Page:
Brave botanist who fell of the edge of the world

Daily Mail - - Friday Books - BRIAN VINER

GREEN GOLD by Gabriel He­mery (Un­bound £10.99, 280pp)

VIC­TO­RIAn plant-hunters were the as­tro­nauts of their age, cap­tur­ing the pop­u­lar imag­i­na­tion as they set off on ex­otic ex­pe­di­tions to dis­cover new flora and fauna.

Like space travel to­day, these trips were fraught with peril.

When 23-year-old John Jef­frey left his na­tive Scot­land for the Pa­cific coast of north Amer­ica in 1850, he would have been very aware of the fate of his com­pa­triot David Dou­glas 16 years ear­lier. The man, af­ter whom the Dou­glas fir was named, per­ished when he fell — or likely was pushed — into a bull-pit in hawaii.

At least we know what hap­pened to him. Poor Jef­frey, last seen in San Francisco in 1854, dis­ap­peared with­out a trace. In this be­guil­ing book, for­est sci­en­tist Gabriel he­mery of­fers the most in­formed spec­u­la­tion about his fate. Jef­frey kept diaries, now lost. So he­mery, who prob­a­bly knows more about Jef­frey than any­one alive, has used his ex­ten­sive re­search to fic­tion­alise them.

They are in­ter­spersed with ac­tual let­ters and other doc­u­ments, which record that Jef­frey was despatched to north Amer­ica thanks to a Vic­to­rian ver­sion of crowd-fund­ing.

Shares in his ex­pe­di­tion cost £5 each, and the list of 140 sub­scribers reads like a Who’s Who of high so­ci­ety, all look­ing to en­hance their hot-houses with the ex­ot­ica he sent home. Their in­vest­ment reaped some div­i­dends. This spring, vis­i­tors to the Royal Botanic Gar­den ed­in­burgh, can see vi­brant pink bloom Dode­catheon

jef­freyi, also known as Jef­frey’s shoot­ing star, which he found in Cal­i­for­nia.

Jef­frey, a lowly botanist hired by the keeper of that very gar­den, had never even been out of Scot­land be­fore, but he was soon on the hud­son’s Bay Company ship, the Prince of Wales.

The brief was to get him­self across Canada to Van­cou­ver Is­land, and then down through Wash­ing­ton state, Ore­gon and Cal­i­for­nia as far as Mex­ico.

his in­struc­tions were clear: ‘ You will col­lect seeds of all such trees, shrubs and plants as are not al­ready in­tro­duced into this coun­try.’ They wanted him to send back bee­tles, too. his salary was fixed at £80 a year.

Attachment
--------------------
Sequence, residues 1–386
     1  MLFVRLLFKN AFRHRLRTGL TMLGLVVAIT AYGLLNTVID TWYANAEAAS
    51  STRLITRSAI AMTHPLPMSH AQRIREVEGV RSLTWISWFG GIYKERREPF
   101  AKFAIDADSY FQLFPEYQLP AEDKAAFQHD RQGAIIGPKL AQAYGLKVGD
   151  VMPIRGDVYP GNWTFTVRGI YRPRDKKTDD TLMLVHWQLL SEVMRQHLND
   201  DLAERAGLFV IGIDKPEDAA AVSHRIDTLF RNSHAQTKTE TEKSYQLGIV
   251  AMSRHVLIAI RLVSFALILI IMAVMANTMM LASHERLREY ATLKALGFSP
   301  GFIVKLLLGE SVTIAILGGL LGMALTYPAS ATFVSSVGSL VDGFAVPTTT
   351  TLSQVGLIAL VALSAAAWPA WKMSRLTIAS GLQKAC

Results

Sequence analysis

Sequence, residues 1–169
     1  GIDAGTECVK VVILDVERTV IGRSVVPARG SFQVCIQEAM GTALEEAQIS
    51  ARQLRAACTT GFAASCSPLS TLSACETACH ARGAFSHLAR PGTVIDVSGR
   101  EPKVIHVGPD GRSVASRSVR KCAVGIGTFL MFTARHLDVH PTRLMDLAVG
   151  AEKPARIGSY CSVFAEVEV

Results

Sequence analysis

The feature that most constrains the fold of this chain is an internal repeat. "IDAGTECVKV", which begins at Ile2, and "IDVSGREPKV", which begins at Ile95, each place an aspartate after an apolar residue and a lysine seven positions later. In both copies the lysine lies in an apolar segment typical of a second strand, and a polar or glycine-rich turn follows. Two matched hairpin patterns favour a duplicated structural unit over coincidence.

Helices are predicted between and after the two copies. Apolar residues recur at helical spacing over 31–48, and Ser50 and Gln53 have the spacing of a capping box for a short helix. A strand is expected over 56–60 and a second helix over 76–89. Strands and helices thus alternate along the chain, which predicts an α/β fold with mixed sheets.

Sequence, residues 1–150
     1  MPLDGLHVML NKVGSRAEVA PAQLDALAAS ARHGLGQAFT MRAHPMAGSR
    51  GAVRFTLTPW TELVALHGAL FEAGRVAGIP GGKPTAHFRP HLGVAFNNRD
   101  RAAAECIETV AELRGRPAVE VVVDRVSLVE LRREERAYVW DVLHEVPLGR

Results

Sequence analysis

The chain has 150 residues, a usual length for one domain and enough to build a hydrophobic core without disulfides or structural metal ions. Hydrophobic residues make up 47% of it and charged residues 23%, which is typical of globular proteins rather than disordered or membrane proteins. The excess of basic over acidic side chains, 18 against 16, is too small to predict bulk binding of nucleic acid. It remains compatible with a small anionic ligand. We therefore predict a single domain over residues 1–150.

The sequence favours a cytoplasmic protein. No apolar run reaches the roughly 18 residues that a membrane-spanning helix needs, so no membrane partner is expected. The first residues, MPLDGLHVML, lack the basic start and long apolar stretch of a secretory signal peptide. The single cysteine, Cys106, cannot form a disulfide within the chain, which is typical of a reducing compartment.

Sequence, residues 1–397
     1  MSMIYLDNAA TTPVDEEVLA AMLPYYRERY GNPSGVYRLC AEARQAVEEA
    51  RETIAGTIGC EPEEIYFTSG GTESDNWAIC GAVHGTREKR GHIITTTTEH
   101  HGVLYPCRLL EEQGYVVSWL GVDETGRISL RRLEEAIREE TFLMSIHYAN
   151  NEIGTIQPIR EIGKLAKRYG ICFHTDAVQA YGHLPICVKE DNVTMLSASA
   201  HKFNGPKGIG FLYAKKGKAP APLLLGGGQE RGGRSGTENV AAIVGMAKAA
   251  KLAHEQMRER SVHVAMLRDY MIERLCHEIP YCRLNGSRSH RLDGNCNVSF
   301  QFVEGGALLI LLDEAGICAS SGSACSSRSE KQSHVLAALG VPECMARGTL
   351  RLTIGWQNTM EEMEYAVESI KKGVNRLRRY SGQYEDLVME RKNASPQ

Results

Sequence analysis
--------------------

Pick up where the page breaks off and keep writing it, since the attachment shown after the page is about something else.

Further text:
In Au­gust 1850 he ar­rived in Canada. he made the long journey west by dogsled and ca­noe, then crossed the Rocky

Moun­tains on foot. It took him a fur­ther 12 months to reach the Pa­cific coast.

In Novem­ber 1851, a box sent by Jef­frey was ex­cit­edly opened in Ed­in­burgh, by mem­bers of the hope­fully named Ore­gon Botan­i­cal As­so­ci­a­tion. It con­tained a few va­ri­eties of pine cone, sev­eral dead birds, and a small bot­tle of bee­tles. They were un­der­whelmed.

Jef­frey’s rep­u­ta­tion back home seems to have gone steadily down­hill af­ter that. He kept send­ing boxes, but they didn’t con­tain enough seeds for the As­so­ci­a­tion’s lik­ing. And Jef­frey’s let­ters got fewer and briefer. One tersely ex­plained that, while camp­ing, most of his seeds had been eaten by a rat overnight.

The Cal­i­for­nia Gold rush was in full swing, and it could be that Jef­frey, dis­il­lu­sioned by the com­ments from Ed­in­burgh, de­cided the earth held trea­sures more al­lur­ing than plants. He­mery’s re­search has un­cov­ered other possibilit­ies: Jef­frey sim­ply fell in love, maybe with a Na­tive Amer­i­can woman, and set­tled down. Or he was robbed and mur­dered.

What we know for sure is Jef­frey’s let­ters dried up al­to­gether and there were no more sight­ings of him, to the fury of his pay­mas­ters. In March 1854, they de­cided to re­lieve him of his du­ties, even though he had ef­fec­tively beaten them to it.

The As­so­ci­a­tion’s min­utes record lit­tle ap­pre­ci­a­tion of what Jef­frey sent home, yet it amounted to at least 400 plant spec­i­mens and the seeds of 199 species.

No at­tempts were made to find him. Now this fas­ci­nat­ing book helps en­sure he is re­mem­bered for his achieve­ments, and not sim­ply for go­ing miss­ing.

Picture: GETTY

His dis­cov­ery: Jef­frey’s shoot­ing star

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